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Food companies can't lie now! FSSAI to prohibit terms like pure, natural, authentic on packaged foods

The only exception to the rule is that the products so labelled can be washed, peeled, chilled, trimmed or put through other processing stages that could alter its basic characteristics.

twitter-logo BusinessToday.In        Last Updated: November 14, 2018  | 14:36 IST
Food companies can't lie now! FSSAI to prohibit terms like pure, natural, authentic on packaged foods
Photo credit: Reuters

Tired of misleading food labels, like seeing the word 'fresh' on packaged foods? The Food Safety Standards Authority of India (FSSAI) has got you covered. The food regulator is reportedly ready to introduce new regulations banning food companies from using words like 'natural', 'fresh', 'original', 'traditional', 'pure', 'authentic', 'genuine' and 'real' on the labels unless the product is not processed in any manner.

The only exception to the rule is that the products so labelled can be washed, peeled, chilled, trimmed or put through other processing stages that could alter its basic characteristics, The Economic Times reported. The new regulations will be notified in the coming days.

Significantly, companies using synonyms of the above mentioned words in their brand names - or even words that could mean fresh, natural, pure, etc - will have to give a clear disclaimer stating "this is only a brand name or trade mark and does not represent its true nature".

The new regulation also specifies norms for several kind of claims that food companies can make in their advertising and promotions. The list includes nutrition claims, non-addition claims, including non-addition of sugars and sodium salts, health claims, claims related to dietary guidelines or healthy diets as well as conditional claims. For instance, packaged food companies can no longer advertise their  products as a complete meal replacement, or undermine the importance of healthy lifestyle in any way. In case advertisers want to make claims that the new regulations do not cover, they will have to seek approval from the authority.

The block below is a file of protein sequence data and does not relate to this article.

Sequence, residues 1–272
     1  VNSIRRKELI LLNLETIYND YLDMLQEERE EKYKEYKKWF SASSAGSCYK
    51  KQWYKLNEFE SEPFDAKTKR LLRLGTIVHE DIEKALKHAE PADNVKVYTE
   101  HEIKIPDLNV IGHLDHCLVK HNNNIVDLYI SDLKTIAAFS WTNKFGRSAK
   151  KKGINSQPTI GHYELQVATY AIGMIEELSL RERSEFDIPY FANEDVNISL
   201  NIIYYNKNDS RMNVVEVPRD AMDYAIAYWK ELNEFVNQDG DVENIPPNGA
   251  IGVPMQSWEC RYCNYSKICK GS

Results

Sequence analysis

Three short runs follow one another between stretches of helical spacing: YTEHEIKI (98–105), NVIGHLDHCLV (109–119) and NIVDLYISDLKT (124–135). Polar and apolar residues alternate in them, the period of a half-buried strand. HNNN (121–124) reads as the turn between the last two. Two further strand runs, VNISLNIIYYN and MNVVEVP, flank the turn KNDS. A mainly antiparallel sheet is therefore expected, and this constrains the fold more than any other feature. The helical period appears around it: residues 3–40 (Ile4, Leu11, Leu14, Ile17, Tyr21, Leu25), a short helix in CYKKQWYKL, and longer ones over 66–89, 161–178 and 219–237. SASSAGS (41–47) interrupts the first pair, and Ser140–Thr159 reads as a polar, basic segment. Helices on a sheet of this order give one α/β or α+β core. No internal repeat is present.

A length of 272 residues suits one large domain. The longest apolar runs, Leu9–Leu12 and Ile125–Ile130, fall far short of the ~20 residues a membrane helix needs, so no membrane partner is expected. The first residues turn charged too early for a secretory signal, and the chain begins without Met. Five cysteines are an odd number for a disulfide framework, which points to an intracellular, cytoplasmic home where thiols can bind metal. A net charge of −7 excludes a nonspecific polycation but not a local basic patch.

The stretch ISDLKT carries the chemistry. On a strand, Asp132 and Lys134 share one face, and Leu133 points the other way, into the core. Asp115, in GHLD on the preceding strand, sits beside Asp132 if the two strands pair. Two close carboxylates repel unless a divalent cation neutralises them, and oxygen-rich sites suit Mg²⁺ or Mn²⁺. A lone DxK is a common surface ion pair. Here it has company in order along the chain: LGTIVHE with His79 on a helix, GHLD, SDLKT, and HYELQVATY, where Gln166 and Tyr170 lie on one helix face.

Last but not the least, the coming guidelines will reportedly prohibit food businesses from comparative advertising and making claims undermining the products of competitors as to promote their own products or influence consumer behaviour. There are strict penalty provisions for those misleading consumers.

"We are fully supportive of FSSAI's efforts to improve nutritional standards in India. Along with the rest of the F&B industry, we are engaging with them to have robust regulations in place," a spokesperson for HUL told the daily.

With this move the regulator is clearly gunning for more accountability among packaged food companies while protecting consumer interest. Given that Credit Suisse expects this market to grow to $200 billion in the next 10 years, the FSSAI's move is a much-needed one.

Edited by Sushmita Choudhury Agarwal

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